Bit of a water issue

Flooding to excess happening. Water level came up so fast overnight with rain on the Sunshine Coast. I rescued these hives but only an inspection over the next few days will show the extent of losses. This was a new site.

That looks a bit traumatic for everyone involved. I hope it works out well

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Hi Alan, that looks heartbreaking. I have one hive in Bli Bli, near the Maroochy River that I don’t expect to see again.

Oh no!

I had a few nucs that I thought were goners last year but the bees found high ground inside the hive and once I replaced the waterlogged/moldy frames they were ok - hopefully the same is true for you!


Hi Jeff. I was tentatively planning to do a trip up again today but the motorway seems to be closed

Hi Al, apparently my hive is nestled in a tree. I’ll retrieve it after the river level drops. The bees are outside of it, but I’m not worried about losing that colony because they are cranky bees (pun intended). It looks like Brisbane & the Gold Coast is copping it bad at the moment, not to mention west of Brisbane.

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It was ‘funny’ when I floated each hive out in a plastic trolley. Could really move the double one so put a few more bricks under it. Once the entrance was uncovered they flew out en mass and unfortunately I forgotten my veil. So I copped a few stings and later that day I found an engorged leech that’d dropped off my foot. I wonder if the queen and other bees survived?

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I picked up my hive yesterday, about 50 meters from it’s original site, in the scrub, with an overwhelming odor of dead bees, with blow flies hanging around it. It was going to be a contest between blow flies & hive beetles. I left quite a few tiny hive beetle larvae on the ground. First thing this morning, before breakfast I got into the frames to clean up before the beetle larvae got to a reasonable size, before escaping into my soil. The photos tell the story.


I think in a contest between hive beetles & blow flies, the hive beetles certainly got off to a good start.

Anyway a huge downpour cleaned up the frames & boxes etc., beautifully for me, ready for fresh foundation.

PS There was a lot of brood in this hive that beetles hadn’t really got started on, a lot of brood. One can only imaging how many beetles can be produced out of one hive, if left unchecked. That comb got dealt with later on that day.

Beetles and their grubs are disheartening to see to see when you know they’ve taken over.
Been back a couple of times to the flooded site and found this morning two of the five hives slimed out. One was the brood and super that I couldn’t get out of the flooded area. First time I checked the hives I spent about 3.5 hrs in the humid weather in the sun. I was a soggy mess. But as I was cleaning up to go, there came that familiar sound of a swarm. So I quickly put my suit on and proceeded to capture that one.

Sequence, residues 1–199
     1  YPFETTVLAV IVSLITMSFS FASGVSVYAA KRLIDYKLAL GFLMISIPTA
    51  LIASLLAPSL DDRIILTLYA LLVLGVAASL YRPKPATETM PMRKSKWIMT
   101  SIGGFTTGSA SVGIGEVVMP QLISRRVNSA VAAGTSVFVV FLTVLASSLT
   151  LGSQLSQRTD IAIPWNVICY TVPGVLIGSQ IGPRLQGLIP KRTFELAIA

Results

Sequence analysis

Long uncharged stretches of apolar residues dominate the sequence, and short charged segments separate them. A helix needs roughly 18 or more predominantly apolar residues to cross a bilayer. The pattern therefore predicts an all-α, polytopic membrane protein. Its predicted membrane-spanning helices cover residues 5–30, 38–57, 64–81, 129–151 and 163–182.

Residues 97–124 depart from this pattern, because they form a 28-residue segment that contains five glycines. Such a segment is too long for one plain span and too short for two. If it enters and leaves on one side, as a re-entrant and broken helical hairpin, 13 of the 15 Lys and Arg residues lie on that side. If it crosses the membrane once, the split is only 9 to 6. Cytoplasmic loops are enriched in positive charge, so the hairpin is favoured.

I don’t think the queen was in a fit condition to fly as the swarm ended only about three metres away. But I still feel a little fortunate as I’ve read in different forums of beekeepers losing 20+ hives. And I cannot forget the hundreds of hives lost during the recent catastrophic fires.

Well done in capturing the swarm Al. The colony may have absconded from a flooded hive.

I agree it’s disheartening to see all the beetle grubs. I’m amazed & reminded of how quickly they grow, because on the afternoon I picked the hive up the grubs were only tiny. By the time Wilma took the photos, early the next morning, they looked quite big in comparison.

Jeff how big do the larvae grow before they migrate off to the soil in normal conditions? I had three boxes absolutely chockers with the slimy little mongrels. I water blasted them out on the front driveway trying hard to blast them onto the road. They die there in the heat. But a few obviously escape to the ground. Would love the local magpies to come around when I do it. They might think of me as their friend.

Hi Al, I’m guessing a 1/2" long & fat. If the grubs are tiny when the food runs out, they turn into tiny beetles, that don’t do too well at reproducing. Therefore if tiny grubs escape to ground, it’s not so bad because they most likely wont be able to reproduce. That’s why I went to pick that hive up when I did because I didn’t want the grubs, that I fully expected to be present, to get too big.

This hive was from a topic I created a couple of years ago, Wax Moth AND SHBs in Abandoned (by the owner) Hive .
The previous owner was flood conscious, therefore the hives were on a very high stand. However he wasn’t good at managing his hives. I couldn’t use the high stand, which is still there & shows a water mark just below the rail that supports the hives. Maybe I could have used it if the colony wasn’t so savage. Hindsight is a wonderful thing. Anyway I wont set the hive up there again.